Four Exercises You Need As You Get Older

April 12, 2019

Dreamstime

: It is known to make you feel better, lose weight, increase your energy and reduce risks of chronic diseases. Yet many people simply do not exercise and that can be an issue as we age. Certain workouts can make the activities of everyday life, such as walking up and down stairs, playing with kids, carrying groceries—easier. Experts call this functional fitness and it involves your flexibility, balance, endurance, strength and aerobic fitness. While lifting weights or a spin class aren't your idea of fun, four simple exercises can be done at least twice per week as part of a resistance-training plan to ensure your golden years aren't squandered by pain and immobility. The 30-second sit-stand. See how many times you can stand up from a chair and sit back down in 30 seconds with your arms folded across your chest. This is a test of lower-body strength and power, which is important for walking, climbing stairs, and getting up safely.  Arm curls. See how many times you can curl a light weight (5 pounds for women, 8 pounds for men) in 30 seconds. Try it first with your left arm, then your right. If you don’t have weights, you can practice with soup cans. Arm curls test muscular endurance and upper-body strength, which is important for carrying heavy items like groceries. 8-foot get-up-and-go. Stand up from a chair, walk to an object you’ve placed 8 feet away, go around it, then go back and sit down. As you practice—carefully—see whether you can do this more quickly. This tests balance and agility, which are helpful when you need to, say, get to the phone quickly or answer the door. Finally the back scratch. Reach your left arm over your left shoulder and the other behind your back. See how close you can bring your hands together. Repeat on the right side. You can improve your performance on the back scratch by holding a towel in one hand and pulling at it with the other gently. Don’t push too hard if this hurts. This is a test of upper-body flexibility, which you use for activities such as brushing your hair and getting dressed. Talk to your doctor or practice with a trainer before trying these on your own but the goal is to improve your results over time.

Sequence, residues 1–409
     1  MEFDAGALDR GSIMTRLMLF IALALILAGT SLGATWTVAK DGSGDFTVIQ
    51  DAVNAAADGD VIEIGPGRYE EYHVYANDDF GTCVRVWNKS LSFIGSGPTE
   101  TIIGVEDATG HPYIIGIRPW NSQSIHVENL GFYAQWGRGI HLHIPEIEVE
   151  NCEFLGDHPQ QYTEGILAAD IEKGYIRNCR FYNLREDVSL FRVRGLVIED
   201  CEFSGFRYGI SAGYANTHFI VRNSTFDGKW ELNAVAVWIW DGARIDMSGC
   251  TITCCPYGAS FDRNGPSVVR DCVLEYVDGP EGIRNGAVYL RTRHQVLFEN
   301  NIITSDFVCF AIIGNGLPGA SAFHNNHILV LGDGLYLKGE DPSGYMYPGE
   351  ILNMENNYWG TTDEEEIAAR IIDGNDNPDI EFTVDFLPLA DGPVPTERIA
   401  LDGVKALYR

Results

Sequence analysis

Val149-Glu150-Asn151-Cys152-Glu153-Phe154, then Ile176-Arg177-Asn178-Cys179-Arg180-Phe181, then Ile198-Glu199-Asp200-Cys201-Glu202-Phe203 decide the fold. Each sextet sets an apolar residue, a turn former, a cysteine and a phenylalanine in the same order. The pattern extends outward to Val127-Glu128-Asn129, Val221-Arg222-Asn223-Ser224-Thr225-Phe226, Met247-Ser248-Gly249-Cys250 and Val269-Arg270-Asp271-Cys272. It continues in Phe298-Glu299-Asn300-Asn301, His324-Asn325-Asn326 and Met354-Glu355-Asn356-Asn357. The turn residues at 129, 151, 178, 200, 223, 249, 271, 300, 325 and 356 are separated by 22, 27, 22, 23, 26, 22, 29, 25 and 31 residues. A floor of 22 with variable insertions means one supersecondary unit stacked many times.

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SOURCE: Consumer Reports

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